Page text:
1. 1
  1.  

  2. 1

    The moderated title belies the significance of its content. This is a short talk by Ryan Dahl, the creator of node and Deno, presented to this year’s RemixConf. Some highlights:

    1. The web is the primary medium of human information and will continue to be for a long time.
    2. JavaScript is the universal—and eventually will be the only—scripting language of the web.
    3. Backend frameworks like Remix are bringing big performance and DX improvements to the JavaScript framework space, but there isn’t a lot of work being done in the JavaScript runtime space [except for Deno, of course].
    4. Cloud infrastructure is too complicated. There’s room to make it simpler and cheaper.
    5. Modern web servers should be fast, have async IO by default, require little to no boilerplate, and be deployable to the edge in less than 10 seconds.
    6. It is possible to build and deploy fast websites using JavaScript frameworks that are simple to write and 100% server rendered for everything but explicitly dynamic content. [Not explicitly stated but implied is that the FE and BE can be written in the same language and share the data types and logic as needed.]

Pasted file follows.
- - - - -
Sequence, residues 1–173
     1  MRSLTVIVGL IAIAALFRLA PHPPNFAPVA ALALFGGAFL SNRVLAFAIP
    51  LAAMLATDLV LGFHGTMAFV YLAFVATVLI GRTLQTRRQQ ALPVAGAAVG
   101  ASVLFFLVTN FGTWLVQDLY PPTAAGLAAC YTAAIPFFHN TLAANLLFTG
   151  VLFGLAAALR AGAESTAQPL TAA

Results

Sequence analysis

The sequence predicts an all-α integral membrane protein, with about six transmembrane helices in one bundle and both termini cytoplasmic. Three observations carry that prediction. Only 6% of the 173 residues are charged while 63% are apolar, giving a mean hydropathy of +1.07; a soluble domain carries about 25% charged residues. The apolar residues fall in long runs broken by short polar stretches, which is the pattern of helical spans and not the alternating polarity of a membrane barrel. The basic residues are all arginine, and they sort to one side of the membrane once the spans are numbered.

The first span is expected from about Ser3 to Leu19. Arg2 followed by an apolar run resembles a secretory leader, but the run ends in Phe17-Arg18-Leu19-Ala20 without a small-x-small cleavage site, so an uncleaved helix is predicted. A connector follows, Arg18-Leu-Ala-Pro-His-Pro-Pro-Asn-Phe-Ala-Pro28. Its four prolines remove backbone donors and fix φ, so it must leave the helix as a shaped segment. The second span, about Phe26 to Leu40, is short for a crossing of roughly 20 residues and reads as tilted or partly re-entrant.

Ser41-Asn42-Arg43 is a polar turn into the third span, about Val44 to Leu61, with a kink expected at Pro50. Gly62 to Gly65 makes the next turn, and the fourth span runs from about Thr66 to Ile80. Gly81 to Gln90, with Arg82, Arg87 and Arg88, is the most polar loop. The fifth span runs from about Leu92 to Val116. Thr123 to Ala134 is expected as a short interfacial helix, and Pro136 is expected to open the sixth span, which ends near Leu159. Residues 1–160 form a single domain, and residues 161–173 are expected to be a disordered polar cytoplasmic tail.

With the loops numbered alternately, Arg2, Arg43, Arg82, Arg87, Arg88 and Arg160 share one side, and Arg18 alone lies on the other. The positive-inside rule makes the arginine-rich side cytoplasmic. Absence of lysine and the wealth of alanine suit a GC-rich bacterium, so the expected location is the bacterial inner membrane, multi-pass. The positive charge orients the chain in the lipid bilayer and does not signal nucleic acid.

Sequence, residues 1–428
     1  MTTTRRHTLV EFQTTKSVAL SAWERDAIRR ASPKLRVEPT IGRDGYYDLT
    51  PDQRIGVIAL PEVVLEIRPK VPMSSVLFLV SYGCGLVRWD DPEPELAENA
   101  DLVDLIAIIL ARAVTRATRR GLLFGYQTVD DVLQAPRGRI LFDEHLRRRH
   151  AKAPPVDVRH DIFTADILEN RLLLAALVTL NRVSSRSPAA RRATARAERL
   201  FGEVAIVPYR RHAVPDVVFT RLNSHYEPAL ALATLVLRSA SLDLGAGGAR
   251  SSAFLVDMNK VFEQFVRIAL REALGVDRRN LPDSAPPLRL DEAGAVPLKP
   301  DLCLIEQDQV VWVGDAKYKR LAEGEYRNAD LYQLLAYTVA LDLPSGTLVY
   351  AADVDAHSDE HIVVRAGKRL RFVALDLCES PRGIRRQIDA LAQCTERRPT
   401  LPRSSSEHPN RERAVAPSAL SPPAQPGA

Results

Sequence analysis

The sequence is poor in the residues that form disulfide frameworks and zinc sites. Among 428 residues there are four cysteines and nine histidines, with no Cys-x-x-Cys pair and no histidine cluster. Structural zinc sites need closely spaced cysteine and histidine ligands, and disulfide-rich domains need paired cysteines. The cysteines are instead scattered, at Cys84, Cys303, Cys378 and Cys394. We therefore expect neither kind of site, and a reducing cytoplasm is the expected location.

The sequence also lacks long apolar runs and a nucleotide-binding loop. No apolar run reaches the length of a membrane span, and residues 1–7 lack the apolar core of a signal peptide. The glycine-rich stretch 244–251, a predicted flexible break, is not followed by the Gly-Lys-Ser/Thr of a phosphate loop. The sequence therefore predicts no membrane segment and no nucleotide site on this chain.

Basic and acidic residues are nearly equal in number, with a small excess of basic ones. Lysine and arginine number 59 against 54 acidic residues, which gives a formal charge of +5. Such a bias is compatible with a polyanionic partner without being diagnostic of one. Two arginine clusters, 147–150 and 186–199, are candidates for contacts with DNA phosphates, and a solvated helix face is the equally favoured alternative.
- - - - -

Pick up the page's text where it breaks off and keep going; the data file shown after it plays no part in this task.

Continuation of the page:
7. Web frameworks are approaching a post-Unix future: Deno Deploy and Cloudflare Workers run on V8 Isolates, not Linux VMs, and so too will web frameworks. See their POC framework “Fresh”.
    8. Call to action: Just as Deno Deploy and Fresh utilize just-in-time builds, so too should frameworks like Remix to ensure sub-10s deployments. [This is the bit that I don’t understand but am curious about.]

    Naturally, he’s pitching his work (both open source and proprietary) as to an audience where these remarks are less controversial than they might be here (particularly #2). There are some devs here and elsewhere who are preemptively prickly about using anything but the web frameworks they came to love from the aughts (Rails, Django, ASP.NET, etc.) and they are decidedly not JavaScript. The criticism the pricklies (a more generous term than the ones they use) level against JavaScript frameworks is usually some combination of: too complicated, too much config, too slow, too heavy, or doesn’t work with obscure or hobbled browsers. Some of those are at least somewhat hypocritical. Most of the other criticism is either aesthetic or ad hominem, neither of which I wish to get into here.

    The irony is that the rise of JavaScript frameworks in the 2010s was due in no small part to their ability to shift much of the computational burden off of servers that couldn’t scale with traffic. They also met an ever rising bar of expectations for UX that static pages could not meet. The pricklies now agitate to push the pendulum back to the server, but with impractical suggestions for scaling (e.g. go back to writing static HTML by hand) and UX (e.g. dismiss designers as hipsters).

    There’s a lot of prognostication about The Future, some of it depressingly regressive and overgeneralized. Conversely, Ryan Dahl’s vision is modestly titled but surprisingly compelling for the general case.